Thursday, 1 February 2007

End of smoking in public places in France

What could be more French than sitting in a cafe enjoying a coffee and a cigarette, watching the world go by?

Not any more. The plumes of smoke that once wreathed the great thoughts of Jean-Paul Sartre and Albert Camus, as they puffed away at the café Les Deux Magots on the Left Bank, have been banished by the chill winds of change.

France has imposed a ban on smoking in public places, so Les Deux Magots is now strictly "non-fumeur": a smoke-free zone.

That famous French chain-smoker Serge Gainsbourg once sang an anthem to the habit, entitled "God smokes Havana cigars".

Well, if He does, He will no longer be smoking them in this cafe nor in many others - and absolutely not in offices or government buildings.

Perhaps surprisingly, the move is backed by a majority of the French, and even by a majority of smokers.

But restaurants, cafes, casinos and bars have until December to allow their customers to get used to the idea of their morning coffee without their "clope" or fag.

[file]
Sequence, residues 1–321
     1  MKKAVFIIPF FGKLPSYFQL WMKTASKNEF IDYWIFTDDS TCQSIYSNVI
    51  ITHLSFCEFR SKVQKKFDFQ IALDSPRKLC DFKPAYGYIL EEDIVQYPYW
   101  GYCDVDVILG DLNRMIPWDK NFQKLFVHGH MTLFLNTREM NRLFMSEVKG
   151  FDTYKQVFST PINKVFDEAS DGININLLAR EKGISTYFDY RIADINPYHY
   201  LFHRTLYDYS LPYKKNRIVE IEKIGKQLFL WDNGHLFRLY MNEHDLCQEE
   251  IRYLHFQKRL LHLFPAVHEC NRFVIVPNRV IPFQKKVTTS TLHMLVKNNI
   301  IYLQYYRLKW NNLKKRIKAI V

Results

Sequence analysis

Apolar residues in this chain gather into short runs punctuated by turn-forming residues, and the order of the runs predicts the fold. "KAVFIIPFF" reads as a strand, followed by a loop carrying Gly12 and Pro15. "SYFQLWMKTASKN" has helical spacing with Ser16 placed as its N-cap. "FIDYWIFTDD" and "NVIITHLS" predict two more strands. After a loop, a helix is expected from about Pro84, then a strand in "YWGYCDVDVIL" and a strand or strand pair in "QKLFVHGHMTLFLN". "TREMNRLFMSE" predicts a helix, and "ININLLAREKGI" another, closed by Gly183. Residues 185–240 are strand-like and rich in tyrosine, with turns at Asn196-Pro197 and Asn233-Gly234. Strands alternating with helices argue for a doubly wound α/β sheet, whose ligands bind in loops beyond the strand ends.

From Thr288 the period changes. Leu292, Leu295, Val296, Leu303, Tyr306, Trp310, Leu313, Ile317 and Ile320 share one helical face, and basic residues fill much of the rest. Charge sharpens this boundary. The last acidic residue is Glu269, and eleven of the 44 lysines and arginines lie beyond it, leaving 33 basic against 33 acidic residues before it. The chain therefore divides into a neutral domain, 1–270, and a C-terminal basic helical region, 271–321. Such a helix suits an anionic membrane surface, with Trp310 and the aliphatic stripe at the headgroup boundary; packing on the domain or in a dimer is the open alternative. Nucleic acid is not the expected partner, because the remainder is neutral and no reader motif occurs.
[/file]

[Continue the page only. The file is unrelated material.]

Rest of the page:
Yet the owner of Les Deux Magots, Catherine Mathivat, the great-grand-daughter of its original "patron", says she was keen to ban smoking as soon as possible, and is glad to be getting rid of the smoke.

"It will be good for the employees," she says, gesturing at the smartly-attired waiters.

"They are always in a smoky environment, and they get bronchitis and other diseases because of it.

But in a cafe across the river, the Sarah Bernhardt on Place du Chatelet, there is one last Frenchman willing to defy the ban.

Teacher Gregory Bianchi looks around, rolls a cigarette and defiantly lights up.

"I believe in the right to fresh air, but I believe that it's also a right to smoke in a public place," he says.

"This is supposed to be a place of pleasure where you can relax, and smoking is part of that. They should have smoking restaurants and bars, and non-smoking restaurants and bars. That would be fair."

From today, thousands of French police will have the right to stop and fine smokers they catch flouting the ban, with a penalty of 68 euros or just under £50.